Howard Hughes Medical Institute Investigator
Familial Alzheimer's disease is a progressive neurodegenerative disorder. This condition is characterized by the accumulation of amyloidogenic peptide (Abeta42) in abnormal structures called neuritic plaques within the brain, leading to death of brain neurons. The mechanism that restricts accumulation of Abeta42 to nerve cells remains unexplained. Part of my lab effort is designed to understand on a molecular level the abnormal processing of amyloid precursor protein (APP) and accumulation of Abeta42 observed in Alzheimer's disease. Abeta42 is the product of proteolysis of a type I membrane protein, amyloid precursor protein, which is produced in a variety of tissues, but appears to generate amyloid only in the hippocampus and the amygdala. Proteolysis of APP is facilitated by a complex called the gamma-secretase. We study the traffic of amyloid precursor protein and PS1 using a cell-free vesicle budding reaction that recapitulates the first step in the transport of membrane proteins from the ER to the Golgi complex in mammalian cells. Mutations in PS1 retard the packaging of this protein and amyloid precursor protein into transport vesicles. This delay in transport may potentiate the cleavage of APP and accumulation of Abeta42 in the ER.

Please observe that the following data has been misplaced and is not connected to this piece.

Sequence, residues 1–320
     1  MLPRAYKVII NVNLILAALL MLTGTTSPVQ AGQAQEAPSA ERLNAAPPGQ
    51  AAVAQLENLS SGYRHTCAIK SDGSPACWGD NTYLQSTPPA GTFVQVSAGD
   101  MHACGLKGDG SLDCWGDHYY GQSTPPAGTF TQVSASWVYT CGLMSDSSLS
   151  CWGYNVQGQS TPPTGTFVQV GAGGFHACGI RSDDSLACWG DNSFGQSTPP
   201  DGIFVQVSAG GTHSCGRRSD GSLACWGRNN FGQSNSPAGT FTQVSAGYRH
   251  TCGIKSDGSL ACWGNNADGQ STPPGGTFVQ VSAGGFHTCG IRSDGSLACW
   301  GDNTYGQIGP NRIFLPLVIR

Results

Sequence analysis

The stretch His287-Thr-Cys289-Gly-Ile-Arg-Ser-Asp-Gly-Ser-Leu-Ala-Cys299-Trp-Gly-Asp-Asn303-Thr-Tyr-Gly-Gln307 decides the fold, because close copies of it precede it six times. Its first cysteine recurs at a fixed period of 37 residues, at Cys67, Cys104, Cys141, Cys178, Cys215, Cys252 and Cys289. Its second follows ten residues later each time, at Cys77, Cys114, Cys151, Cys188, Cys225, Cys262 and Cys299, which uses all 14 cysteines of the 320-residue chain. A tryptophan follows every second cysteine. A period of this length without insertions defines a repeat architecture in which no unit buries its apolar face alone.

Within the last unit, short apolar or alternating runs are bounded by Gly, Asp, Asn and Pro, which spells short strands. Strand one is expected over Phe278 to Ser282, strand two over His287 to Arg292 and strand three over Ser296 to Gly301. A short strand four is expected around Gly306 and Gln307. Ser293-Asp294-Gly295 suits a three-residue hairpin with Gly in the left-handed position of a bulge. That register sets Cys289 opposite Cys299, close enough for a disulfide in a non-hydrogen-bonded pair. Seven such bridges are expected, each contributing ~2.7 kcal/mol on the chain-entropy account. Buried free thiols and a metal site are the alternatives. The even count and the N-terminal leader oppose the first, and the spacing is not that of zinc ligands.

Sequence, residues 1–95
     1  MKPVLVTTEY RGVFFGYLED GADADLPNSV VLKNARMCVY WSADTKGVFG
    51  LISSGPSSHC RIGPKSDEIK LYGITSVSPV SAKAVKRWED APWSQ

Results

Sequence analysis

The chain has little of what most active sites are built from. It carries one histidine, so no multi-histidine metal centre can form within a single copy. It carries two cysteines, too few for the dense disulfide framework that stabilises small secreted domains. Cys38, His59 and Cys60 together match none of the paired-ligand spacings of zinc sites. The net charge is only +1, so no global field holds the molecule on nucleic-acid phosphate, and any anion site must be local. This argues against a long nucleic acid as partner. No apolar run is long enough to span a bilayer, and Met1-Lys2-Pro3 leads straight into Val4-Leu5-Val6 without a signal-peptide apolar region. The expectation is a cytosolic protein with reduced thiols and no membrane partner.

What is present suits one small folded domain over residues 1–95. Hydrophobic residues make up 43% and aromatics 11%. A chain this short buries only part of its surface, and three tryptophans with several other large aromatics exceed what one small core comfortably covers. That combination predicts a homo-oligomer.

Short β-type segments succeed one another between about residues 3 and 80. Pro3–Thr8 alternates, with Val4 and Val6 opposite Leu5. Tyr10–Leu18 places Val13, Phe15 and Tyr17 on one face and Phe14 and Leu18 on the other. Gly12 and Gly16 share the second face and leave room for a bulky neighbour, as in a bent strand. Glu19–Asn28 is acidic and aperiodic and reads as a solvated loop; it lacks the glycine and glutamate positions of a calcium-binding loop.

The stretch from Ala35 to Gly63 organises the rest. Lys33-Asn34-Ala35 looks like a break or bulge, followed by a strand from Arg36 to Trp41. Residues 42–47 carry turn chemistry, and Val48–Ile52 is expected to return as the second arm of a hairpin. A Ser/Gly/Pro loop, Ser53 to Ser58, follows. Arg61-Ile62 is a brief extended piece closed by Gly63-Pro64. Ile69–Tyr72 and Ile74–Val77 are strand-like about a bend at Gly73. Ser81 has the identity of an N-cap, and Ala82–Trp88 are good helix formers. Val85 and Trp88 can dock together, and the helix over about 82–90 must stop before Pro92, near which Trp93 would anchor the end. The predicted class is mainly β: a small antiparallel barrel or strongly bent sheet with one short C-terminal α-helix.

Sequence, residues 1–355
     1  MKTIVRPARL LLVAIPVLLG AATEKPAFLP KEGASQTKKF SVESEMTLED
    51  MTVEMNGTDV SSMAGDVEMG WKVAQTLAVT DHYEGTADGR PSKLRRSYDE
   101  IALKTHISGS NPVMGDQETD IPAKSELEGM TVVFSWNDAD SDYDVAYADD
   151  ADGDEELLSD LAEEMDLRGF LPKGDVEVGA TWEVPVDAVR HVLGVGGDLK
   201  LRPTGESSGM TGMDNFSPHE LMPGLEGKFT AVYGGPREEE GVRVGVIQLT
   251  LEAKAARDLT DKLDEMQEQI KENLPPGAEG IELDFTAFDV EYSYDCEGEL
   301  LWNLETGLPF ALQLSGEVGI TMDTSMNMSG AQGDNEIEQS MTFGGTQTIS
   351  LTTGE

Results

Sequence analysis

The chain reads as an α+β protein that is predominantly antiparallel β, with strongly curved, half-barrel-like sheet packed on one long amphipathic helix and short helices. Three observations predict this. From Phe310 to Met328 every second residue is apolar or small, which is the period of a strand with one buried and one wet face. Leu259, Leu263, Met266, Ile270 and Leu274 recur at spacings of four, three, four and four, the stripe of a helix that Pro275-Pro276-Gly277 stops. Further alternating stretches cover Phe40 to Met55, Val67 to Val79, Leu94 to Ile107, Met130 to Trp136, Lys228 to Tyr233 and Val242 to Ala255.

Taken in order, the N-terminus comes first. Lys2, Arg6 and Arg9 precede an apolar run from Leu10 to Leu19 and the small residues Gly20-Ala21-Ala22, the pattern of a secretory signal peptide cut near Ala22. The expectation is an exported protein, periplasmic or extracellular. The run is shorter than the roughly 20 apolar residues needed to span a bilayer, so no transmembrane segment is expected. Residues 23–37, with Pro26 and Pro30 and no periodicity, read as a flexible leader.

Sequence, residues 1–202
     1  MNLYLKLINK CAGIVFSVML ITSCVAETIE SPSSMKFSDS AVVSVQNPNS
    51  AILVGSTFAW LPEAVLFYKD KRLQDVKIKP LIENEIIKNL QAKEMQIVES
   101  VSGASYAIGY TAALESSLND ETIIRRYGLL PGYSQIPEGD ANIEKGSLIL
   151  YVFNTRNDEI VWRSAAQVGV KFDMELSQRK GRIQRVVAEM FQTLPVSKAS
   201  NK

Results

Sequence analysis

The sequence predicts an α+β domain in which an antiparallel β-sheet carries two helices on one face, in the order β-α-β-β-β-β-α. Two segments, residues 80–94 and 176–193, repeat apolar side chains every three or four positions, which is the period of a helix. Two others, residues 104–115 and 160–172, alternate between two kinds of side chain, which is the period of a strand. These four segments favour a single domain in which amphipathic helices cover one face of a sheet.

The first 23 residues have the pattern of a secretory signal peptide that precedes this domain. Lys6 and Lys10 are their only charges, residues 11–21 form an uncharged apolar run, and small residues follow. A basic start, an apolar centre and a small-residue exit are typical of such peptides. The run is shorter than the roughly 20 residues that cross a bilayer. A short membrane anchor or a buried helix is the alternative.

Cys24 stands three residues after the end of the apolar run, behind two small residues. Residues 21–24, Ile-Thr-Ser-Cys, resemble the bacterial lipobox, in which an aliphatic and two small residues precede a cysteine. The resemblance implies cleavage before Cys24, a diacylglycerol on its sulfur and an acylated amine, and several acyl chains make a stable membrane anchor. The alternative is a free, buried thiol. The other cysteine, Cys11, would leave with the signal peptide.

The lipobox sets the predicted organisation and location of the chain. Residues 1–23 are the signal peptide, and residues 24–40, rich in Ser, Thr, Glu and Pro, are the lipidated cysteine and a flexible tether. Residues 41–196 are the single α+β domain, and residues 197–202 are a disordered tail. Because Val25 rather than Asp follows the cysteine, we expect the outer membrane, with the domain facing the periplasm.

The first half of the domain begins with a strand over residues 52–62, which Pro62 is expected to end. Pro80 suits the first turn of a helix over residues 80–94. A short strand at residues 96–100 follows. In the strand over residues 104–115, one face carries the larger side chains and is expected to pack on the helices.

In 2012, we reported that APP traffics from the cell surface via endosomes to the TGN where gamma-secretase acts to generate Abeta peptide (Choy et al). In this itinerary, APP encounters another processing protease, beta secretase, which generates the substrate for gamma secretase. Since gamma cannot act on APP until the beta enzyme cleaves, much of the traffic of APP is directed from the TGN to the endosomal compartment in which the beta enzyme resides. The traffic of APP from the TGN to the endosome requires a clathrin assembly protein complex called AP-4. We have developed a cell-free biochemical reaction that reproduces the packaging of cargo proteins into transport vesicles that bud from the TGN. Our next project on the Alzheimer's effort will be an attempt to reconstitute APP packaging into transport vesicles in an AP-4-dependent reaction. If successful, this effort could uncover the essential components that govern the normal and abnormal processing of APP and thus the reason for the misprocessing that leads to amyloid peptide. Choy, R. W.-Y., Cheng, Z. and Schekman, R. (2012) Amyloid precursor protein (APP) traffics from the cell surface via endosomes for amyloid b(Ab) production in trans-Golgi network. Proc. Natl. Acad. Sci. USA 109, No. 30.